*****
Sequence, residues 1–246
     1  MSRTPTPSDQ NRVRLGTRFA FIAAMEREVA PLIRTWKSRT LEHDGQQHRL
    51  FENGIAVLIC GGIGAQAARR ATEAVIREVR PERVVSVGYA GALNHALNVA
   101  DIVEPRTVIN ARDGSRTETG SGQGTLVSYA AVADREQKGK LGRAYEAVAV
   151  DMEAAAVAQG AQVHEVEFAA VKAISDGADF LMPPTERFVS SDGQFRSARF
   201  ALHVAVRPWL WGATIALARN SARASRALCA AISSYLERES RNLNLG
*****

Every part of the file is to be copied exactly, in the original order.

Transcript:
Sequence, residues 1–246
     1  MSRTPTPSDQ NRVRLGTRFA FIAAMEREVA PLIRTWKSRT LEHDGQQHRL
    51  FENGIAVLIC GGIGAQAARR ATEAVIREVR PERVVSVGYA GALNHALNVA
   101  DIVEPRTVIN ARDGSRTETG SGQGTLVSYA AVADREQKGK LGRAYEAVAV
   151  DMEAAAVAQG AQVHEVEFAA VKAISDGADF LMPPTERFVS SDGQFRSARF
   201  ALHVAVRPWL WGATIALARN SARASRALCA AISSYLERES RNLNLG